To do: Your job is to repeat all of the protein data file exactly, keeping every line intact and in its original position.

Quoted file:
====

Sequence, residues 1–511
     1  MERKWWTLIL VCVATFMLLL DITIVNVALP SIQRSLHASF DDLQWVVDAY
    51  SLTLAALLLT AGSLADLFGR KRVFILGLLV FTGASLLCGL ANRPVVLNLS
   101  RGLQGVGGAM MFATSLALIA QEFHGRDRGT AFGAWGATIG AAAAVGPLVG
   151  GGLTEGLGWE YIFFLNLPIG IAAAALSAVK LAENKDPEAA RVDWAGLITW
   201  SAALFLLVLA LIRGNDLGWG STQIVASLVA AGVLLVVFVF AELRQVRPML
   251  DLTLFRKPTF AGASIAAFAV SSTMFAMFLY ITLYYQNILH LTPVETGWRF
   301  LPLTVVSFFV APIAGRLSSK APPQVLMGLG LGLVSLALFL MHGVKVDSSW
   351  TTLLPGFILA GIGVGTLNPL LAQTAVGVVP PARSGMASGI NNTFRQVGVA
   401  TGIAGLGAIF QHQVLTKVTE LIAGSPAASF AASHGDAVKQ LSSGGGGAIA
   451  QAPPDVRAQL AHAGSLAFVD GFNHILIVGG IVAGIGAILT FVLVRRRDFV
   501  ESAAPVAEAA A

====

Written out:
Sequence, residues 1–511
     1  MERKWWTLIL VCVATFMLLL DITIVNVALP SIQRSLHASF DDLQWVVDAY
    51  SLTLAALLLT AGSLADLFGR KRVFILGLLV FTGASLLCGL ANRPVVLNLS
   101  RGLQGVGGAM MFATSLALIA QEFHGRDRGT AFGAWGATIG AAAAVGPLVG
   151  GGLTEGLGWE YIFFLNLPIG IAAAALSAVK LAENKDPEAA RVDWAGLITW
   201  SAALFLLVLA LIRGNDLGWG STQIVASLVA AGVLLVVFVF AELRQVRPML
   251  DLTLFRKPTF AGASIAAFAV SSTMFAMFLY ITLYYQNILH LTPVETGWRF
   301  LPLTVVSFFV APIAGRLSSK APPQVLMGLG LGLVSLALFL MHGVKVDSSW
   351  TTLLPGFILA GIGVGTLNPL LAQTAVGVVP PARSGMASGI NNTFRQVGVA
   401  TGIAGLGAIF QHQVLTKVTE LIAGSPAASF AASHGDAVKQ LSSGGGGAIA
   451  QAPPDVRAQL AHAGSLAFVD GFNHILIVGG IVAGIGAILT FVLVRRRDFV
   501  ESAAPVAEAA A